4. Most development teams nowadays work to some sort of Agile methodology. If this is the case, attend sprint planning and sprint review meetings as the voice of the user. Other team members may have different priorities, e.g. getting the project finished quicker so be prepared with business cases about why a certain feature is best for the user.
  5. Usability testing to check that the product is usable and intuitive.

Be sure to meet with people face-to-face as much as possible, either at morning stand ups or informally in the office to discuss user needs or to go through wireframes.

It can be really nerve-wracking as a new UXer to show off wireframes in formal meetings, so until you feel more confident, it is a good idea to sit amongst the development team so you can grab them, as the technical experts, for quick ad hoc advice. It’s also good to be near the developers so you can answer any questions they have while building features.

Finally remember: it takes time and effort before new processes become the norm. Sometimes it can seem to developers in particular like time wasting or adding unnecessary steps, as many of them are used to starting to build products or features without UX processes in place.

Be patient, keep gently reinforcing the benefits of solid user research (e.g. them not having to do work again) and be friendly even when frustrated- however hard it can be.

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You might not be living in each other’s’ pockets as much as with other teams, but it is likely you will interact with the marketing team too. They are a really useful team to have on your side, as there are plenty of crossovers between UX and marketing.

Both professions are interested in research and understanding human behaviour, building loyalty, and improving the overall experience – the better the UX, the easier the product will be to market to its audience.

Some potential areas for collaboration include:

  • The overall message – the marketer will have a clear idea of what the overall message is and should have documents based on this, e.g. style guides which will be really useful when writing content. Check out this fantastic style guide by Mailchimp if you haven’t seen one before. They are also likely to be one of the best people to proofread system content and make sure you get the brand voice right.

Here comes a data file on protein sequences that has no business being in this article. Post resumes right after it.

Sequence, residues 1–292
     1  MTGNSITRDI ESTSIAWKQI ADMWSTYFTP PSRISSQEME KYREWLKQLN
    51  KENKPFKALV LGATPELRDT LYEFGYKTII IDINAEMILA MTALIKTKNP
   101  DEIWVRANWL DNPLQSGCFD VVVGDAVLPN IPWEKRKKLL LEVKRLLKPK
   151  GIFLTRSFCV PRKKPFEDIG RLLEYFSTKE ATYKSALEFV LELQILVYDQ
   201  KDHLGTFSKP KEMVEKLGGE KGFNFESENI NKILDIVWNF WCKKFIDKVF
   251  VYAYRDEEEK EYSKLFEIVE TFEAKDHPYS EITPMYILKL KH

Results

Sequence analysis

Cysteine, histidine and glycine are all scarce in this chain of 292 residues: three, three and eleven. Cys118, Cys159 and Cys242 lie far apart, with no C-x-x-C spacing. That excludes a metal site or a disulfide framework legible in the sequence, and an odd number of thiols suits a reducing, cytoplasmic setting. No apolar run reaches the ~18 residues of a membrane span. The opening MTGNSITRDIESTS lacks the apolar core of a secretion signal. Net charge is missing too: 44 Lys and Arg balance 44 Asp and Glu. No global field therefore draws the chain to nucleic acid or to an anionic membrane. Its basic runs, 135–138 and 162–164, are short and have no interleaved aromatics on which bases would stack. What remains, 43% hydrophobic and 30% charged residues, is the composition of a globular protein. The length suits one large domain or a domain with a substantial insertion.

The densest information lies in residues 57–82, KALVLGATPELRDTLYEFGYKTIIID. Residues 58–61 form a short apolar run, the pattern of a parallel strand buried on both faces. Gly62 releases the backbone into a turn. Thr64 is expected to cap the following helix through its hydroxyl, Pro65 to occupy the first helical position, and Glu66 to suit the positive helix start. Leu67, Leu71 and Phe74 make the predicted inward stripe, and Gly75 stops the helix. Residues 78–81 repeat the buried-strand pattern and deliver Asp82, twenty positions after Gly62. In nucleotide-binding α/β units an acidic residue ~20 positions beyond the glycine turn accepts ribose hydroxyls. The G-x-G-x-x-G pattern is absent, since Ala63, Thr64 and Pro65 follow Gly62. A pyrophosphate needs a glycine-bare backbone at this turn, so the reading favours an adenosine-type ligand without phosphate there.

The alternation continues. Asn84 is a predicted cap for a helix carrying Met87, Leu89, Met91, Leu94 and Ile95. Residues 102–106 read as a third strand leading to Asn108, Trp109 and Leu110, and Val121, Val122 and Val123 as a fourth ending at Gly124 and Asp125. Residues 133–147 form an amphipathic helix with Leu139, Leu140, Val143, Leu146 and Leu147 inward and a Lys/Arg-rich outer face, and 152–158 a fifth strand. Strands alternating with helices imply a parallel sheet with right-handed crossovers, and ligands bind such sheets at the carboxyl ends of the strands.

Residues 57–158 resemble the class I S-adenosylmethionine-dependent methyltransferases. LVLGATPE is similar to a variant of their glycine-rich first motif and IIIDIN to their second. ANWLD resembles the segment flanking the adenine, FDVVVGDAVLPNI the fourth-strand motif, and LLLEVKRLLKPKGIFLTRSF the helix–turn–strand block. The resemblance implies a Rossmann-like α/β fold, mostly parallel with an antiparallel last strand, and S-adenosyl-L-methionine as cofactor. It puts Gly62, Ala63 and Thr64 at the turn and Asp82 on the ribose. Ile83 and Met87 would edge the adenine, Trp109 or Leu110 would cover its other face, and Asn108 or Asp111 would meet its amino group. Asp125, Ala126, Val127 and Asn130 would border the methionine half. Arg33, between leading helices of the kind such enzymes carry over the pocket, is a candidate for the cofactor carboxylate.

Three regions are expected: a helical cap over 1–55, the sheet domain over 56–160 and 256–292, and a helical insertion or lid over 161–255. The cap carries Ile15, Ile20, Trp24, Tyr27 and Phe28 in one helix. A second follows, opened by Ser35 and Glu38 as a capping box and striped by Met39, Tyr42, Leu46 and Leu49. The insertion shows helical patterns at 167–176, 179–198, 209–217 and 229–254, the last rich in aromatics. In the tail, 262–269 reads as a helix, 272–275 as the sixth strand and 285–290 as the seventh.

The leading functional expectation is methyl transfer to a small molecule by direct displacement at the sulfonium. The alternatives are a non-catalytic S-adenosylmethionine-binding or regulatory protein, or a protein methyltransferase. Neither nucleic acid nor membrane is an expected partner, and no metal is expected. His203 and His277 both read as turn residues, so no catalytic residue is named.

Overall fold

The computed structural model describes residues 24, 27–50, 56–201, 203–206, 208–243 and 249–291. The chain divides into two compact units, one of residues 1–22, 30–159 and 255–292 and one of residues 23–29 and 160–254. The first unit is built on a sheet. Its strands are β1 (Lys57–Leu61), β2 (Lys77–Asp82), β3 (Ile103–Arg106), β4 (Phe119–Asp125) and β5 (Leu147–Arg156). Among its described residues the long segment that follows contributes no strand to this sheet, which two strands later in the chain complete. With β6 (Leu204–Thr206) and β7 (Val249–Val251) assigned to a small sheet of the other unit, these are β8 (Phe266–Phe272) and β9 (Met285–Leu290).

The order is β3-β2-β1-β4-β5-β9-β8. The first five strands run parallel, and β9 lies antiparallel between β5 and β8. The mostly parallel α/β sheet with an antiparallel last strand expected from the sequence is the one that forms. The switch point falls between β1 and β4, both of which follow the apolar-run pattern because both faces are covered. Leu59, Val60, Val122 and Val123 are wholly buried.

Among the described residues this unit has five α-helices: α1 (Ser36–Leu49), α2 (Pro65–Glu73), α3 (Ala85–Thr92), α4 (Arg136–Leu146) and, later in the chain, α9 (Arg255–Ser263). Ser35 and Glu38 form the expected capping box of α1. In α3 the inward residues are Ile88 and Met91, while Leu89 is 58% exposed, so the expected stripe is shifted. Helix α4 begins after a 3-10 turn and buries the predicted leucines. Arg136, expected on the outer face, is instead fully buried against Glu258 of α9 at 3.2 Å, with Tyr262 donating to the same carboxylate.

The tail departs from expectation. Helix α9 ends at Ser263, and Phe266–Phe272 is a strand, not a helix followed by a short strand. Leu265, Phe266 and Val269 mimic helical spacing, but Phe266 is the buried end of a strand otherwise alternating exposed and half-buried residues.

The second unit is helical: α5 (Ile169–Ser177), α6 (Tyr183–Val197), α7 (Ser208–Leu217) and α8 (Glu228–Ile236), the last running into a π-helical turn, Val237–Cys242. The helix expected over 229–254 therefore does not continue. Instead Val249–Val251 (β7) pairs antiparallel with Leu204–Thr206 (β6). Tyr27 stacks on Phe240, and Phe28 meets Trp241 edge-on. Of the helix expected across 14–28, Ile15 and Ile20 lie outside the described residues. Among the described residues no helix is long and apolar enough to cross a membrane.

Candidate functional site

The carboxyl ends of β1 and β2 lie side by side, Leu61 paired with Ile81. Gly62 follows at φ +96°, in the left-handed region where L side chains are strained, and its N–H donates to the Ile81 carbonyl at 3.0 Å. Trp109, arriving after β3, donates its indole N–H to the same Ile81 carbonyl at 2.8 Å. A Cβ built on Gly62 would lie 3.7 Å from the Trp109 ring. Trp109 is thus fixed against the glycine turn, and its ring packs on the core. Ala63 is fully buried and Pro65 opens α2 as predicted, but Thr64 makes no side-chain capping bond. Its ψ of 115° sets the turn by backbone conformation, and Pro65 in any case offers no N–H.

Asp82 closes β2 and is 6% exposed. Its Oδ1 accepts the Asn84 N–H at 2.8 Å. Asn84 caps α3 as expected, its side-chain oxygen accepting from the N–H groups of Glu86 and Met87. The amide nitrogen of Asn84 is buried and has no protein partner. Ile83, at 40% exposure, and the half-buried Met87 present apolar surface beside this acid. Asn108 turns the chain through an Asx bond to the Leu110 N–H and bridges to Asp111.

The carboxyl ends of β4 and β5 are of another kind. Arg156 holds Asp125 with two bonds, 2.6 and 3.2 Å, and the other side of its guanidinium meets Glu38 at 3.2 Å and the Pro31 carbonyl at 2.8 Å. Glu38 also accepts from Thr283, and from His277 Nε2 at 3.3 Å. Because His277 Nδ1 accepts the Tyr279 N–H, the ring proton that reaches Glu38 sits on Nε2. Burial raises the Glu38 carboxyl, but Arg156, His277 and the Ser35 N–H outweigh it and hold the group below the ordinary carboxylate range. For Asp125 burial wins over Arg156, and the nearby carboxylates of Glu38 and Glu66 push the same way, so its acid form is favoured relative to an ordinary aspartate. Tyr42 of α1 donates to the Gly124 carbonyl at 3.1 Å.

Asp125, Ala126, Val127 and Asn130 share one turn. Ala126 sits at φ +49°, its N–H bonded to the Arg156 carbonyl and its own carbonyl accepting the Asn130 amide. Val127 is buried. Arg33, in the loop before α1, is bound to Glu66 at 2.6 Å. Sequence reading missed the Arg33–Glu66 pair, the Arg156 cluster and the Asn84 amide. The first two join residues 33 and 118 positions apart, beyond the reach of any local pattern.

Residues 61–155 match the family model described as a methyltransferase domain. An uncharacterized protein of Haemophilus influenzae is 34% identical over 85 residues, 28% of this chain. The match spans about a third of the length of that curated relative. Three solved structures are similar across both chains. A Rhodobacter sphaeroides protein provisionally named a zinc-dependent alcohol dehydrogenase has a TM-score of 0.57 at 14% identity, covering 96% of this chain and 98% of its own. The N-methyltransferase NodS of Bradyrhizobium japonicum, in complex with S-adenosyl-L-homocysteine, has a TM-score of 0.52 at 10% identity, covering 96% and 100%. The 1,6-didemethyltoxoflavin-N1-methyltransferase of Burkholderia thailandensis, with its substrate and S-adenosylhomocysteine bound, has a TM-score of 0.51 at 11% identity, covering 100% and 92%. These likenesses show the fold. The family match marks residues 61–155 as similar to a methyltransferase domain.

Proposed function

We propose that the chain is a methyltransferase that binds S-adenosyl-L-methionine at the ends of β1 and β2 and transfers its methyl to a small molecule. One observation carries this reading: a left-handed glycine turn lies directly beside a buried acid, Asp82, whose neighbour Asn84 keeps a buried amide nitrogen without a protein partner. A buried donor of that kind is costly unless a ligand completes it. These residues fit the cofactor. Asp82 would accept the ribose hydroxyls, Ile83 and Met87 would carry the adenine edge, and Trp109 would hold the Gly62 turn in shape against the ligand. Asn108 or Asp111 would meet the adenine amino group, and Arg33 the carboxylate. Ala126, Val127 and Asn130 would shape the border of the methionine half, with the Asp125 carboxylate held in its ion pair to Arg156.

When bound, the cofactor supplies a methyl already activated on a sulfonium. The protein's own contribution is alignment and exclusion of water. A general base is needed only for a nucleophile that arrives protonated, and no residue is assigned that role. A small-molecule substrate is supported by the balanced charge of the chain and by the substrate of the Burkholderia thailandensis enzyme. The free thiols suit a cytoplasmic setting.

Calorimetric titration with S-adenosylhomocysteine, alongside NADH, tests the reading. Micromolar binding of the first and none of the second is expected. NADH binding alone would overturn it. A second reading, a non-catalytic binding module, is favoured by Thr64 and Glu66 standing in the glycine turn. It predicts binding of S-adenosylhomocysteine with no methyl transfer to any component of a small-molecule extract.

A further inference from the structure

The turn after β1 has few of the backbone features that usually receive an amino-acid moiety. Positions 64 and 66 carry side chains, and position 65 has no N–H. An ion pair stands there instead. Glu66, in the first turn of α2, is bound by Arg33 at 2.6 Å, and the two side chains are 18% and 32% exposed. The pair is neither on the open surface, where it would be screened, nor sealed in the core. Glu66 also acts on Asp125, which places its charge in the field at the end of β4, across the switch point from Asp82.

• Personas – It is likely that there may already be marketing personas set up and although they will focus heavily on the person buying the product, there may be one or two which can be adapted for UX purposes. Once UX personas have been established, it may also be worth working with marketing to get all the personas publicised across the whole company so that everyone is thinking with the user in mind. Try sticking up posters or introducing the personas one-by-one in a weekly post on the company intranet.
  • Research and analytics – get together and work out the different areas you are researching and where knowledge sharing can take place. Whilst completing user research you may have a lot of qualitative data around user behaviour which the marketer can benefit from. They also will probably have a whole wealth of analytics set up which can feed into your UX analytics.

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UX designers can’t operate in a vacuumeveryone needs to work together towards the same goal.

As a relatively new practice which a lot of companies are only just implementing, you may find yourself needing to be a UX champion, responsible for embedding UX as part of the company culture and convincing different teams to make decisions with the user in mind.

Here are three top tips for successful teamwork:

  1. Work out how you can benefit from other departments, e.g knowledge sharing and ask them how you can help them!
  2. Experiment with the best way to implement UX processes until you find a structure that works for you. It is unlikely that you’ll get it right first time. Review regularly and be prepared to have some have some conflict before getting it right. Bruce Tuckman’s model of Forming, Storming, Norming and Performing is a great way of understanding the lifecycle of teamwork.
  3. Get everyone to agree on the best method of communication- there are so many options available nowadays, e.g. Slack, Trello, Yammer. It’s easy to get bogged down in too many emails and it is really easy to misinterpret someone’s tone, so try and meet face-to-face as much as possible, or if that’s not possible, set up a video call!

Want to learn more about UX design and teamwork? Check out these articles: